“Too many points of view made the story a tad choppy like driving with one foot on the brake and one foot on the gas. Stop, start. Just when I got going into one character’s story, we’re off to another. Lots of atmosphere, and the setting carries equal, if not more, weight than the characters. The story is like a frayed rope being braided tighter and tighter as we approached the crisis.”

“Finally, I think that the author put one too many layers of reveal at the end- one too many people had a connection to the murdered character than was believable. Kind of a case of sticking one more Christmas tree ornament on top and it’s so heavy, its the last straw and it falls over. “

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3 Books Like The Guest List

Another suspenseful Reese’s pick about families is The Last Thing He Told Me, which features a Hannah and her step-daughter Bailey on a quest to figure out why husband/father Owen has disappeared. You could also delve into a dark and twisty psychological thriller with our The Silent Patient guide.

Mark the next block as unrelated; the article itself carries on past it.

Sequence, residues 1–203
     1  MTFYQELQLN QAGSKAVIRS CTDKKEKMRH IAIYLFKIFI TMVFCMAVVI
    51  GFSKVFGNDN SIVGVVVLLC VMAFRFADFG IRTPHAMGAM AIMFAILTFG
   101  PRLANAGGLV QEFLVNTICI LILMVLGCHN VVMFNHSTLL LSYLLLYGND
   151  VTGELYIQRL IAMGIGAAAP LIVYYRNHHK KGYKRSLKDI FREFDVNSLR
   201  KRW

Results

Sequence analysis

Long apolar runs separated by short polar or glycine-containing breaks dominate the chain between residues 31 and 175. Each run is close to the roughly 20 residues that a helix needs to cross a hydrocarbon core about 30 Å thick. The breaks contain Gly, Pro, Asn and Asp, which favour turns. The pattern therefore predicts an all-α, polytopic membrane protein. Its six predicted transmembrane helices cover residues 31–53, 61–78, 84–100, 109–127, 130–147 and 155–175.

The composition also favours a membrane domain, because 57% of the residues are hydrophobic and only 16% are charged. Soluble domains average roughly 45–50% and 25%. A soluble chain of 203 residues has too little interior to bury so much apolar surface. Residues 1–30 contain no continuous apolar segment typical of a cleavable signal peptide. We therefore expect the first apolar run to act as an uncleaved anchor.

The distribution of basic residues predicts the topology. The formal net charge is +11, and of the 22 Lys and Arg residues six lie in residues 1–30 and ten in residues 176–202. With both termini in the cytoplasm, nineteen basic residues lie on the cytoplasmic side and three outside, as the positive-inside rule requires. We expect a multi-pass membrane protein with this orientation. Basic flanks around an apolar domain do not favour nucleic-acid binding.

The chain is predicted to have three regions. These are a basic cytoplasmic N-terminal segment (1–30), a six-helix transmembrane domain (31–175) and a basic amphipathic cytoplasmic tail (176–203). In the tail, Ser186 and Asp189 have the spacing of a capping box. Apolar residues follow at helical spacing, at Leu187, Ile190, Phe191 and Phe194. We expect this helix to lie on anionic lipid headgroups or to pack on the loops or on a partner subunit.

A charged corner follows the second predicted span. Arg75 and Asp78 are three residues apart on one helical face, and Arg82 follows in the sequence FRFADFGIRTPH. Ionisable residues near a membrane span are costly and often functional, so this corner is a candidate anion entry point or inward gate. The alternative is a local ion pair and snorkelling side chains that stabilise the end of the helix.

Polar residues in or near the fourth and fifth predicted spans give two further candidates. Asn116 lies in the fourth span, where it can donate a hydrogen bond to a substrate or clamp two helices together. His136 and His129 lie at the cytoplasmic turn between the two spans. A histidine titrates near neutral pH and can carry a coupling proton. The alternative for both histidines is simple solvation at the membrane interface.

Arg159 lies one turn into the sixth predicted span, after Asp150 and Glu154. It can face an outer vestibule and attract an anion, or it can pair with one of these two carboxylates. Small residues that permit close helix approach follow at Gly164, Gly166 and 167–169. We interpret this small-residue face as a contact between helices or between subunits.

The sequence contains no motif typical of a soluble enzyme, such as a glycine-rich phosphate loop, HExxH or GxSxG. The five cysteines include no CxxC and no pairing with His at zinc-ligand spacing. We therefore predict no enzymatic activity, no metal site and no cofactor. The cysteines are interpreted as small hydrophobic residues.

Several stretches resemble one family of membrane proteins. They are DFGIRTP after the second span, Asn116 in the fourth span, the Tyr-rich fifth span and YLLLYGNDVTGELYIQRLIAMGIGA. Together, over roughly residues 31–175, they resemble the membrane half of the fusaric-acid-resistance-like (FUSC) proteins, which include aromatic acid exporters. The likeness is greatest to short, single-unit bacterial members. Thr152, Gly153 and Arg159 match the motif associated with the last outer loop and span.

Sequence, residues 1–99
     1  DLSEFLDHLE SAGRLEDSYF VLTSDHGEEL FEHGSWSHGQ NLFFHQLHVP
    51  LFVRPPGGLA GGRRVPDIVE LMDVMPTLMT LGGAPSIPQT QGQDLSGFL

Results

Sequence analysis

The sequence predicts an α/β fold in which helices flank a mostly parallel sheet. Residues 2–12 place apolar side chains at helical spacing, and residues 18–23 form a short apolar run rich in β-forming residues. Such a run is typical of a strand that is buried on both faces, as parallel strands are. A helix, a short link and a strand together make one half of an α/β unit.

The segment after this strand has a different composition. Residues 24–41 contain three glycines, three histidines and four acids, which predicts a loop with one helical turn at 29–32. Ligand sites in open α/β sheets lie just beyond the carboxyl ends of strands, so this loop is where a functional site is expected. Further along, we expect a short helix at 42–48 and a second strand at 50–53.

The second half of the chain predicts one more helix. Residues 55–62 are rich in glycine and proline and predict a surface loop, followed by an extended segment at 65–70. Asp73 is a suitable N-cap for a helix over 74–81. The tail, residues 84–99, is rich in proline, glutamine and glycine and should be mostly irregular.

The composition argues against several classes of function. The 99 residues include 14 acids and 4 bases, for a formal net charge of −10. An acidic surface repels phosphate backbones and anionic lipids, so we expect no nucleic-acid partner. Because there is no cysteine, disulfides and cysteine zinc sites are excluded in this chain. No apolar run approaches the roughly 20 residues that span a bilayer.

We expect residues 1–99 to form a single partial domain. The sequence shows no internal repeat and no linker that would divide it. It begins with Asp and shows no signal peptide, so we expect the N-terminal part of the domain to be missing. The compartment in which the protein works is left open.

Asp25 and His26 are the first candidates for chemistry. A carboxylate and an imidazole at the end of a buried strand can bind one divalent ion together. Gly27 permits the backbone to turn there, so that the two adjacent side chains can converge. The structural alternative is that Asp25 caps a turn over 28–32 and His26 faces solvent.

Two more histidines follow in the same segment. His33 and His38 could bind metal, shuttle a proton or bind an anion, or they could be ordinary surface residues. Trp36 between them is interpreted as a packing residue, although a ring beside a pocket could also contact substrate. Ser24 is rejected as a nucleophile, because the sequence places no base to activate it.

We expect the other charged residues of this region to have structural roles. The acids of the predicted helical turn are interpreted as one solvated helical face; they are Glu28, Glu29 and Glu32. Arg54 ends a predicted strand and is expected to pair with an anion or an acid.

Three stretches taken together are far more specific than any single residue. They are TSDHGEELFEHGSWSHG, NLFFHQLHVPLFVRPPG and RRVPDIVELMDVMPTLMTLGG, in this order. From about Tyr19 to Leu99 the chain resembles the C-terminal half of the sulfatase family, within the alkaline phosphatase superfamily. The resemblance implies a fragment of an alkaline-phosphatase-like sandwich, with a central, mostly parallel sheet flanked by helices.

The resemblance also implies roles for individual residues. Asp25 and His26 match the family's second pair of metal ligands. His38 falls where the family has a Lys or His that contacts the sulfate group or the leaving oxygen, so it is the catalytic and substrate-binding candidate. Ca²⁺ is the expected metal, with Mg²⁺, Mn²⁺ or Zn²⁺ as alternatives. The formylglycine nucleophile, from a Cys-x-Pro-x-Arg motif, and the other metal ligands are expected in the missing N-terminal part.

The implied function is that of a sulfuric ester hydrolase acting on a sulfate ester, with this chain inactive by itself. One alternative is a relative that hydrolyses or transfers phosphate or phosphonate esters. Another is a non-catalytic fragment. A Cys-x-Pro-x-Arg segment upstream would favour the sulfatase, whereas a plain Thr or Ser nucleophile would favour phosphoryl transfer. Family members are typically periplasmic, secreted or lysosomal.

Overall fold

And Then There Were None by Agatha Christie is the original locked room mystery. And she followed it up with the locked train mystery, Murder on the Orient Express. But if you’ve already plowed through her canon, here are a few other options for books like The Guest List.

In the Woods Tana French book cover

In the Woods

by Tana French

French’s In the Woods manages to produce a Irish literary hat trick. It’s a cracking good page turner but it also has a complex and sympathetic main character and it delivers a liberal dose of dark Irish family dynamics.